“I once worked with friends who were struggling with unacknowledged rivalry. One of them had substantially more money than the other, and there was huge resentment and guilt going both ways. The one with less money had a child she felt burdened by, and the one with more money had fertility issues she found daunting,” she explains. “They both envied each other for different reasons, and rather than admit this directly, they’d masked their true feelings with judgment and harsh criticism.”

Fox Weber notes that it was easy to see this in their way of communicating and that the therapy was for their own benefit, something they ended up discussing in a useful way. One of them said life would be so much better if we were in a good place again, says Fox Weber. “They got tearful and agreed that they wanted to sort out their tension.”

In the end, Sam and her friend attended three sessions with a recommended therapist. She notes that the commitment to the sessions and splitting the cost felt really emotional. “With other friendships, we wouldn’t have bothered, but our connection felt too important to let go of without trying,” she says.

“Very often, time-limited work is effective – a few sessions can help friends deal with issues and strategise,” says Fox Weber. When friendships rupture there can be an upsetting sense that there’s no point in trying. Especially if one person has been in therescuer role, a fixer. Therapy shines a light on the ways that only one person trying to fix things doesn’t work, and helps to rebalance the give-and-take of a healthy relationship. Having this space for recalibration is hugely helpful.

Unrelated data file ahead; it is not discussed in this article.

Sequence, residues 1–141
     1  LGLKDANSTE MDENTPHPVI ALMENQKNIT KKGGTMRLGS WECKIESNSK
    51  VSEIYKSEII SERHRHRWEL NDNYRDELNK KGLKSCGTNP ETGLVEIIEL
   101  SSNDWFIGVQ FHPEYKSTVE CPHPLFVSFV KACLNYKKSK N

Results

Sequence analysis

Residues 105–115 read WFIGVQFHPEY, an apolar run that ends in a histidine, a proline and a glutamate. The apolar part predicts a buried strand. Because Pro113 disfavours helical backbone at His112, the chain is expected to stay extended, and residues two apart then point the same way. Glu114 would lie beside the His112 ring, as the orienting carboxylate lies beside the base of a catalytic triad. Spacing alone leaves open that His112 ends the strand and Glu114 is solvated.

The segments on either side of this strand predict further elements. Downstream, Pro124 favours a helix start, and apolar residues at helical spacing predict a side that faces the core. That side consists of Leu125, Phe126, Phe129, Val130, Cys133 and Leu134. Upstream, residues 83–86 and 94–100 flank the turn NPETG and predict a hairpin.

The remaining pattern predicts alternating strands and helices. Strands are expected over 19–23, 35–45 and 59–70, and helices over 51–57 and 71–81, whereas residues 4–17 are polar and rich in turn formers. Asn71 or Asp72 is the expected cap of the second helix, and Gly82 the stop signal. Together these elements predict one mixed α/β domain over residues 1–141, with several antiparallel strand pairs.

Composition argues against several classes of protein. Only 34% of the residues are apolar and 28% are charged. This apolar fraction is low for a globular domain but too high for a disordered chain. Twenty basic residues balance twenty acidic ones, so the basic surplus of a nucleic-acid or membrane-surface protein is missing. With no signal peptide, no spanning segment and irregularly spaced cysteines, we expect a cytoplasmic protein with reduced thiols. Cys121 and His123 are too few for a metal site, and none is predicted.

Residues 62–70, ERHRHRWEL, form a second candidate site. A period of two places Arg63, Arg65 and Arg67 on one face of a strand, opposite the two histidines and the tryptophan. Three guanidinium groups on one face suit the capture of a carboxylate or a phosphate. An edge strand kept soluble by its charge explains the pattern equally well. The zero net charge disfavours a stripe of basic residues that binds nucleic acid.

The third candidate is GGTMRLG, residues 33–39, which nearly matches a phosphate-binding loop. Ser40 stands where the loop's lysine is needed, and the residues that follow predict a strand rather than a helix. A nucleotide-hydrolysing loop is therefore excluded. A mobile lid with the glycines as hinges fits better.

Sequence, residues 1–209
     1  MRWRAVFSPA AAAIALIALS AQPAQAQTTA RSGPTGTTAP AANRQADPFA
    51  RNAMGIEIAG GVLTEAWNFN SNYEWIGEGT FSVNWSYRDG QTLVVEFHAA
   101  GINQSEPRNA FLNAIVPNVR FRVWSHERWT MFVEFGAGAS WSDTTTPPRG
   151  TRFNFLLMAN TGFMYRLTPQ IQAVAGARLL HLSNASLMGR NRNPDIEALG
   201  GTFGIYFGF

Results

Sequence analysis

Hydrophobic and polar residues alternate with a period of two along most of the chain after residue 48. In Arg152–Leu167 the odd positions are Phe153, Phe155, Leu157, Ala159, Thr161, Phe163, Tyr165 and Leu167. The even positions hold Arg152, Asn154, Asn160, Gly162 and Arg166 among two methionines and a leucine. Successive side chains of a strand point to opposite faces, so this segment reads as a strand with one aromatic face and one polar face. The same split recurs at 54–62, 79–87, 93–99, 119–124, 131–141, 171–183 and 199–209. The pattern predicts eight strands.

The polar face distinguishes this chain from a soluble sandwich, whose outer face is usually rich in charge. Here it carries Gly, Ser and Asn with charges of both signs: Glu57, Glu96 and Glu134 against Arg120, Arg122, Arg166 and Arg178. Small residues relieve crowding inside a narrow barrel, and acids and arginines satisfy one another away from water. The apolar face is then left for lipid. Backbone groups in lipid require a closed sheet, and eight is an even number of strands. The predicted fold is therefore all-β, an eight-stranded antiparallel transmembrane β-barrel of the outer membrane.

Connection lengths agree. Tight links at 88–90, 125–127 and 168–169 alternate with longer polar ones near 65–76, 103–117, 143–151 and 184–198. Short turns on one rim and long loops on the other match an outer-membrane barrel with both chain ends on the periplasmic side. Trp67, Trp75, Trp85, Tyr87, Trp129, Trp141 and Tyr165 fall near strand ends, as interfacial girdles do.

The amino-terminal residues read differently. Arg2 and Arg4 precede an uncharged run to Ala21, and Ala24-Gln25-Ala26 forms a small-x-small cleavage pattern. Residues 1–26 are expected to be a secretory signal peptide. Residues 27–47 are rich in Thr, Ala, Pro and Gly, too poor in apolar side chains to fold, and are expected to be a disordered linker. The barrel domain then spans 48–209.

There is also the fact that friendship dynamics have changed drastically over the last few years. “The pandemic turned people’s lives upside down and friendship dynamics completely changed overnight,” says Jessica Alderson, a relationship expert and cofounder of SoSyncd. “It was a lot to deal with and some friendship dyads need external support to adjust to these changes.”

And with more people than ever attending therapy (a record 634,649 people completed the NHS Talking Therapy programme last year), there is a higher chance that friendship groups could find themselves considering it when conflict gets too tough to work through alone. “Inside the counselling room, friendship therapy is taken just as seriously as couples therapy and, in some ways, even more so. This is because it’s less common so people who choose to go to friendship therapy are often prepared to make a huge effort to make things work. Ultimately, it means that both people care deeply about the friendship, which is a positive sign in itself,” says Alderson.

That said, it can still be tricky for outsiders to get their heads around. Sam noted that friends and family initially found it strange when they found out she was doing it. “Mostly, though, they were surprised that we went through the effort of it all,” she adds. But she also notes that, to her, it was an experience worth going through because in the process both she and her friend were able to find better ways to communicate, and they’re still friends to this day. “People still don’t know that friendship therapy is a thing,” adds Fox Weber. “And it could help so many who are struggling with people they care about.” 

We couldn’t agree more. 

* Names have been changed

Images: Getty